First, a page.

Initially Vanessa and  her Sister feels like it is a primer about the Bloomsbury group. But then it slowly and very effectively draws you into this The Nursery Tea, Vanessa Bellintimate circle of these individuals. A hundred years later these people are still looked up to for their pioneering efforts in art, literature, academics etc. Yet without feeling like an intruder the reader is like a fly on the wall, privy to their conversations, correspondence, emotional outbursts, and affairs/heartbreak. Through it all, slowly and steadily Vanessa plots the professional ( and significant) milestones Virginia and their friends achieve. But what comes through is the quiet “blossoming” of Vanessa, from being the reliable and competent elder sister/wife/mother who is constantly being leaned upon to being professionally successful as a painter. The book closes with her participating with The Nursery Tea in the Second Post-Impressionist Exhibition curated by Roger Fry at the Grafton Galleries, London, 1912.

2014 has had some spectacular bio-fiction published. Vanessa and her Sister is a good addition to the list. Worth reading!

Priya Parmar Vanessa and her Sister ( In India it is published by Bloomsbury.)

31 Dec 2014 

Esther Freud “Mr Mac and Me”

Esther Freud “Mr Mac and Me”

Mr Mac and MeMac is working on a bright purple grape hyacinth. He has it laid out on a sheet of paper and is examining its tiny solid head. ‘No.’ he mutters to himself, ‘no.’

I’ve let myself in, but now I’m not sure whether to disturb him.

‘Hello.’ He looks up and catches me at the door, and he tells me that never has he spent a morning with a flower and known less about it when he was through. ‘Look,’ he lays it out. And together we peer at the dense purple blocks of it, solid as wax above its stalk of blazing green. 

(p.195, Mr Mac and Me)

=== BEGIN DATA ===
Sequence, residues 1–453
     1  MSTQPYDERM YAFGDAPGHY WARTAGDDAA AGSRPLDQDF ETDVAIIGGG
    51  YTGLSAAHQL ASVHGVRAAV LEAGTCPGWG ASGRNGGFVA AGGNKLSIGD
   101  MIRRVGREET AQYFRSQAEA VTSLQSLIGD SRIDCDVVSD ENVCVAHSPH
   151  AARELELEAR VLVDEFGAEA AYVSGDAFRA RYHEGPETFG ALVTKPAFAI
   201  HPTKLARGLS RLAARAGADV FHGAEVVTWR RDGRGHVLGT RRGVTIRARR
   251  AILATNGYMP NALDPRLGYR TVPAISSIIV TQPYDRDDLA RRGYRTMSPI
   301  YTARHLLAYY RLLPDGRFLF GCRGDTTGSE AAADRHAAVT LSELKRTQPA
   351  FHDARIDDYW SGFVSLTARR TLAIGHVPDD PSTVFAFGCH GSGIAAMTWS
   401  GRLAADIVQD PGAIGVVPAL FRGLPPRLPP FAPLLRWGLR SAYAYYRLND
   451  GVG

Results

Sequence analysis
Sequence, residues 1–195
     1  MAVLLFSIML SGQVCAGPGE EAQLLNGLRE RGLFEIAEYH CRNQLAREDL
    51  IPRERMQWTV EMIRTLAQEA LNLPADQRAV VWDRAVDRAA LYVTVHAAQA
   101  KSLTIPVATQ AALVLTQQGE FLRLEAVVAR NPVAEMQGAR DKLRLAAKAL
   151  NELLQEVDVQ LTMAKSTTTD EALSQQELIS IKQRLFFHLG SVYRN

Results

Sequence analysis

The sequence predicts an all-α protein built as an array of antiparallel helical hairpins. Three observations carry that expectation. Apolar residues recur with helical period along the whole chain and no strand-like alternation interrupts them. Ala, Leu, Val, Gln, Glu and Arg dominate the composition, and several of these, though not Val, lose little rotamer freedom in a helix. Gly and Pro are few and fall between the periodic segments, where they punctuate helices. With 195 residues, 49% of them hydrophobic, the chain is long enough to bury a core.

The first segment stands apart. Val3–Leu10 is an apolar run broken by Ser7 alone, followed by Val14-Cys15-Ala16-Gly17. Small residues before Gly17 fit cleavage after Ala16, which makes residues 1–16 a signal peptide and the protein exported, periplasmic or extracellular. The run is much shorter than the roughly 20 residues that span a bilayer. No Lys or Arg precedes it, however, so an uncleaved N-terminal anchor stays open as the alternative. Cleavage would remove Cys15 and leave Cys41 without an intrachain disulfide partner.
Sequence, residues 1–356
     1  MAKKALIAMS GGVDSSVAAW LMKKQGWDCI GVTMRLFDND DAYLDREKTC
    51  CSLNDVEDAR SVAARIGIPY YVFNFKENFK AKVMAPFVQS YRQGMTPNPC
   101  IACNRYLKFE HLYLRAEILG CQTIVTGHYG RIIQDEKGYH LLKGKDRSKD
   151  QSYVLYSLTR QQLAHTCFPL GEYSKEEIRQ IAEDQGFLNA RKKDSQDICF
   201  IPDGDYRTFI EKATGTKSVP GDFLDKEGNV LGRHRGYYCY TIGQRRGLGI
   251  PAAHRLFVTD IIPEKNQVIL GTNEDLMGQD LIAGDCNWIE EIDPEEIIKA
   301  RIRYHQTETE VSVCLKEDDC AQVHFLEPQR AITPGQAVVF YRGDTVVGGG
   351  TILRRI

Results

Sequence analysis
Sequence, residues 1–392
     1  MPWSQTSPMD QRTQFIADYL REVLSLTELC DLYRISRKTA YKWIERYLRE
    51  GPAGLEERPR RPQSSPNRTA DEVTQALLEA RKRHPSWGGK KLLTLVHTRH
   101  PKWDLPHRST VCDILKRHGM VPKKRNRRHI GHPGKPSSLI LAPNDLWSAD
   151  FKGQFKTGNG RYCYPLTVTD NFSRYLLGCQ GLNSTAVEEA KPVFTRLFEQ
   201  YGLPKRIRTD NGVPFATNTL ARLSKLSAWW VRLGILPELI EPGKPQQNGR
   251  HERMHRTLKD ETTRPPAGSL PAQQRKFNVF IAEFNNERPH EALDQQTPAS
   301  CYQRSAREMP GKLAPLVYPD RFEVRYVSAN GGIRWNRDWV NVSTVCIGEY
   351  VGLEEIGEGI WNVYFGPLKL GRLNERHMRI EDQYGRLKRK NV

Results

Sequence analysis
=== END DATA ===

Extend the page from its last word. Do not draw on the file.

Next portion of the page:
Thomas Magg, the crippled twelve-year-old son of the Blue Anchor owner, lives on the coast of Suffolk. A little before First World War breaks, Tom befriends a new visitor to their village, who it turns out is the renowned architect, Charles Rennie Macintosh. The two develop a  cordial relationship, primarily focused upon their common love for painting. Thomas or Tom as he is often referred enjoys doodling ships and boats in the margins of his notebooks, much to the exasperation of his school teacher. Whereas Mr Macintosh or Mr Mac as Tom calls him exquisitely paints water colours of the local wild flowers. ( In fact the cover of Esther Freud’s novel uses a detail from a beautiful 1915 water colour and pencil drawing Charles Macintosh made of Fritillaria.) Soon the two men “bond” over their love for painting and are able to share the silence of working together in peace. ( “There’s a thick, warm silence as we work. I’ve sense that silence, when I used to watch them, but now that I’m inside it, it’s as solid as a coat.” ) At times, Mrs Margaret Macdonald, an accomplished painter herself specialising in the technique of Gosse, joins her husband in Suffolk. ( Her most famous Gesso work was a set of panels, larger than doors, commissioned by a private collector and called The Seven Princesses. ) They are from Glasgow where along with Margaret’s sister, Frances and her husband, Herbert MacNair, they were known as The Four. Mr Mac was also responsible for designing the new Glasgow School of Art, commissioned in 1897 by the School Director, Francis Newberry. (His descriptions of the project are a pleasure to read in the crm-pansynovel.) With the Great War breaking life in Suffolk is also affected. Soldiers come and stay, refugees arrive, and locals living near to the sea move to safer places  inland and with the turmoil suspicion falls upon Mr Mac. The locals, goaded by Mr Gory, a newcomer himself, rapidly come to believe that Mr Mac is a spy since he moves around with his binoculars or spyglass observing the coastline. Before the war is over, Mr Mac is arrested and Thomas leaves Suffolk to travel the world.